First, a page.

Monday, November 2, 2009

Being Catholic or the Gay Marriage Issue

Okay, I'm a Cradle Catholic and probably what most people term as "Cafeteria Catholic" too. I tend to make people mad that way. Let me explain why I'm a "Cafeteria Catholic."

I believe that government and religion are two different entities. If the government allows prayer in school, the government has to allow all forms of prayer in school which would cause all kinds of discrimination against people. (I've personally had to deal with this, but that is another blog.) Therefore the government cannot allow prayer in school to avoid discrimination. This is something that the Church doesn't like (discrimination). We don't like racism, ethnocentrism, etc. But the Church wants prayer in school. So one is left with a choice. Which is more moral: prayer in school or discrimination against other faiths? Anyway I'm just using this as an example but I will talk about prayer in school later.

The same principal I feel is applied to gay marriage. The Church says gay marriage is wrong. As an institution the Church doesn't perform gay marriages. No problem with that. If the Church says that it is against God, then I believe that it's against God.

But here's the rub. If the Church feels that only Catholic marriages are valid, then they are also invalidating marriages of other faiths and those who are atheist. The Church doesn't perform these marriages. Other institutions including the government do. The government is then forced not to discriminate because in the constitution it allows for religious freedom. Therefore the government must validate marriages of all faiths (or lack of faith).

The government can't discriminate marriage based on religion; it also can't discriminate based on gender, ethnicity, race, or age (well it sets limits but that is also debatable in some societies even in the US). Governments are supposed to protect all people. In Canada, they have laws set up to protect long term relationships whether it is unmarried cousins who live together or gay couples. This gives those closest to an ill person the right to decide medical care and so on. The United States doesn't recognize such relationships which is why many gay couples want the right to marry.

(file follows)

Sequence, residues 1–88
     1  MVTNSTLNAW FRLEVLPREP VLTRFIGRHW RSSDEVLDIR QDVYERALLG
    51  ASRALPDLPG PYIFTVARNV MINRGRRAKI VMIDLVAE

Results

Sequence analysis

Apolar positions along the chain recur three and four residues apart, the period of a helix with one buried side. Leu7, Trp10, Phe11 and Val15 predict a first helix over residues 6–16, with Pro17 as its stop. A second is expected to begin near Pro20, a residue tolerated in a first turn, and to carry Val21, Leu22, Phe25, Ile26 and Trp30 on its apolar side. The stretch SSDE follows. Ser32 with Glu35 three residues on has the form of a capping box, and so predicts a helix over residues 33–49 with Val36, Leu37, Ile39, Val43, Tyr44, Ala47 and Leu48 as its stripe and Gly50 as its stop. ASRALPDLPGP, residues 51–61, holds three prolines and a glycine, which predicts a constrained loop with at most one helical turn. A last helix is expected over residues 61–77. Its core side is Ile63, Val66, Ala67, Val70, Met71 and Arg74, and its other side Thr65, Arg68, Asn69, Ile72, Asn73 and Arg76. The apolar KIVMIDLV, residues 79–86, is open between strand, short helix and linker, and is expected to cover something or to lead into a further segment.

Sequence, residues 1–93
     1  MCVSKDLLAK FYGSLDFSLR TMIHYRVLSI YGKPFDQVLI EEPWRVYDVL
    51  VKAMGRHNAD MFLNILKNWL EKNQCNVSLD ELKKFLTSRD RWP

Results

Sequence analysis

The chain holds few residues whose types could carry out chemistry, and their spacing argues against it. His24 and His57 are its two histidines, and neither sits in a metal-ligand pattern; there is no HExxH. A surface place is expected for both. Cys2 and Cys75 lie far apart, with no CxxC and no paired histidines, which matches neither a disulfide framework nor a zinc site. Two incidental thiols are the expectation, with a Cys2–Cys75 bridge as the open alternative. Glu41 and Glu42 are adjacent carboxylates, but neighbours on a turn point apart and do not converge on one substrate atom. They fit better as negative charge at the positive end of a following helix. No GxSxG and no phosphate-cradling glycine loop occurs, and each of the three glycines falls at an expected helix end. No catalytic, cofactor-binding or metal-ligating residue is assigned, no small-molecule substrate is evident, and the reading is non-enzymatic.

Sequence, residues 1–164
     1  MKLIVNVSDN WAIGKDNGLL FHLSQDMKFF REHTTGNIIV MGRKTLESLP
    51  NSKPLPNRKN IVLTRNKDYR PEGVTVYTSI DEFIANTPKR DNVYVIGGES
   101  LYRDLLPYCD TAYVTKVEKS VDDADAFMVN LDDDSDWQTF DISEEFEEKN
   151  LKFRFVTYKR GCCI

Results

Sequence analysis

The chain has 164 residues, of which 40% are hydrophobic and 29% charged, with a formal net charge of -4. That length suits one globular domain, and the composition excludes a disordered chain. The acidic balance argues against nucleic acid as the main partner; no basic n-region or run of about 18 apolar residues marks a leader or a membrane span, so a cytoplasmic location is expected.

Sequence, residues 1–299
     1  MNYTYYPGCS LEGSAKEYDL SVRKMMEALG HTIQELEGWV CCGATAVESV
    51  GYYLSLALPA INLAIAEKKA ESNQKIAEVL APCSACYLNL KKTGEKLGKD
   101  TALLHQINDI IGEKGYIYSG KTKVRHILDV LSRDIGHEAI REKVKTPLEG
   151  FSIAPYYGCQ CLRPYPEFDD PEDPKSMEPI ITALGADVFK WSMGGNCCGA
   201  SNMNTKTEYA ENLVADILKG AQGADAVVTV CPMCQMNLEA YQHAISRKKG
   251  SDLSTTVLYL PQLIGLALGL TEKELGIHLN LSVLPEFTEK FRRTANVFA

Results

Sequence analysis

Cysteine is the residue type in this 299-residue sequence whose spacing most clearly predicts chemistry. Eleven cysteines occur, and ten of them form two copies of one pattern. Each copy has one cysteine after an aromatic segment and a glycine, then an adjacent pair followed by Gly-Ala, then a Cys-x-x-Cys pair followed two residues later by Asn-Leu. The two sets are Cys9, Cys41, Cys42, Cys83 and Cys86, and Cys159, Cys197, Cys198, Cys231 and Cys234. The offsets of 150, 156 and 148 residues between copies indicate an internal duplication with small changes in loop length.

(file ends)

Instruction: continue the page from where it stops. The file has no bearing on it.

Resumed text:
This leaves the government two choices to avoid discrimination: set-up a system that recognizes long term relationships or have gay marriage legalized.

Now where does that leave the Church? Well the Church is protesting. They feel that marriage is between a man and a woman only. Fine; I totally agree with that for the Catholic Church. This is what makes me a "Cafeteria Catholic." I believe that the Church should not have gay marriage but I believe that that the government should have gay marriage. The Church is protesting marriages within a secular institution, which I believe isn't right. The Church should not be allowed to dictate what another entity does (unless it involves something deadly).

I'm a musician and many of my friends are gay. I've never known any of them to be evil. In fact many of them are religious. Even the Church accepts gay people (just doesn't want them to engage in the acts). So I think gay marriage is totally different than say war or abortion. Gay people don't hurt other people. Gay people aren't hurting themselves. We are all sinners so I don't think it's right for me to look down upon a gay person.

In my mind the Catholic church is counting all types of marriage as being invalid when protesting gay marriage (because not all gay people are Catholic). But if you ask a priest if a Jewish person is sinful because they didn't have a Catholic wedding, the priest would probably look at you a little funny. Ask the same question about a gay wedding and that depends on the priest (I know a few who also agree with me about separate institutions).